WHY DO PEOPLE PLAY POKER?…
“Money won is twice as sweet as money earned.”
Paul Newman as ‘Fast’ Eddie Felson, The Color of Money
If you get to the point where you understand the reason your opponent plays poker, you can begin to formulate a plan to exploit him.
For the longest time, I was under the assumption the reason people play poker is to make money. This simply is not true. Only a small percentage of players are lifetime winners at poker, perhaps as low as 5–10%. Sometimes small stakes winning players will even move up to higher stakes where they quickly get crushed for amounts larger than their previous winnings.
Why, then, do people play poker if they know they are unlikely to win?
Why do people play slot machines? There is no way anyone can ever win in the long run playing slots. Giant casinos are built on this very fact. Occasionally some people do win, and win big. Consistent small loses seem to be tolerated by most players for the opportunity for that one big score. I see myself as a slot machine. There is no possibility, in the long run, I could ever lose at a low stakes poker game. But occasionally I do lose, badly.
The number one reason why people play poker is simply to gamble. There are many forms of gambling and poker is just one of the ways people can participate. The most popular form is perhaps the lottery. The stock market is a form of gambling. Sports betting and casino games are popular as well. The worst example of gambling is the slot machine. They are just awful and I never understood the appeal of mindless pushing a button. For some, the preferred form of gambling is poker. The common thread among all forms is the willingness to accept a negative long term expectation for the possibility of short term gain. When you think about gambling in those terms, it begins to make a bit more sense. Our society is full of examples similar to gambling, and is often referred to as risk-seeking or having a high risk tolerance.
I’d say the second most common reason people play poker is pure entertainment. A lot of people go out to the casino and play poker on the weekend just for something to do. It’s a very social atmosphere where you can drink alcohol, get dinner, and maybe watch the game. For some it’s an opportunity to get away from the spouse and kids for a few hours. These players prefer to win, but are not upset when they lose. If they get lucky, they can actually have a great evening with a good story. When they lose, it wasn’t their fault, just bad luck.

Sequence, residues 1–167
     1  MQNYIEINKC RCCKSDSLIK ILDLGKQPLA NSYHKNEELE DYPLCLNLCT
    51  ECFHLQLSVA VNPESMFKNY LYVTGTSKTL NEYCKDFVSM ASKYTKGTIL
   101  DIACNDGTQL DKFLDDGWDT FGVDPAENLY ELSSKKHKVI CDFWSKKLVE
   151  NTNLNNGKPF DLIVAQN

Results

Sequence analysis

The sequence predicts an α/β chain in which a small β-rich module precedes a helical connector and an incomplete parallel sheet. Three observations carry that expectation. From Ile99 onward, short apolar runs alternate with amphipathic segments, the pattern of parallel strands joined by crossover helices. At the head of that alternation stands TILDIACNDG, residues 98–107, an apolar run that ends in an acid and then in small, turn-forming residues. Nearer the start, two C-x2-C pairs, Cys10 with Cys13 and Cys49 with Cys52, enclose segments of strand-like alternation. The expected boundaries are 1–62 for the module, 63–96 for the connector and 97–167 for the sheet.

Some people play poker simply because they are addicted gamblers. These people gamble until they are out of money and playing poker is the method of choice. Poker is a form of gambling which can take a long time to go broke. The game is relatively slow compared to other forms, plus it provides the opportunity for social interaction at the same time. This combination is what draws addicted gamblers to the tables.
Because poker is a game of skill and variance, some players are under the delusion they are skilled at the game. Often this is due to some initial good fortune. The worst thing that can happen to a new player is to get lucky in their first few sessions giving them the impression of skillful play. Usually, they end up losing more than they would have if they lost initially and quit.
There is a group of players playing poker for a psychological need to dominate others. These people are classic narcissists. Usually intelligent and sometimes even winners, they play aggressively because they like the feeling of bullying people. Bluffing more often than most players, they enjoy letting people know their level of intelligence. One particularly annoying trait is how they love to point out, and correct, the mistakes of their opponents. Poker feeds their insatiable egos.
I know many people who play poker simply because they really have nothing better to do. Spending 30–40 hours a week in the poker room despite other commitments like jobs or family, some would rather play poker than sleep. Most of these players are break even players, but some wealthy people in this group will lose enormous sums of money. A lot of retired people like to play poker and they usually
have enough money to absorb the losses they sustain. More often than not, they are filling a void left by their old jobs.
Aspiring poker professionals make up another group of players. If you are reading this, you may be in this group. Some people will play poker with the hope they will be able to support themselves doing so. Some will succeed. Most will not. These players are usually young, fairly intelligent and tight with their money and chips.
A final reason people like to play poker to gamble is social acceptance. The poker table has unusual social dynamics. Everyone likes the losing player. Even a losing player who is unlikable, is tolerated for the opportunity to take their chips. When I sit down at a poker table, people grumble quietly to themselves. Most don’t like it when I sit at their table because I usually win, and they don’t want me there even if they like me as a person. This unusual social dynamic is fairly unique to poker, and leads people to believe as long as they play they can always find a place to be around ‘friends’. If they have to pay a few hundred bucks to fit in, well that’s just OK.
This can all be seen as a sad commentary on society, but there it is. Take the good with some bad. In time you will be able to identify what type of player your opponent is and why he is playing. Doing so is key in prying them away from their chips.
Before moving ahead, ask yourself:
Why do you play poker?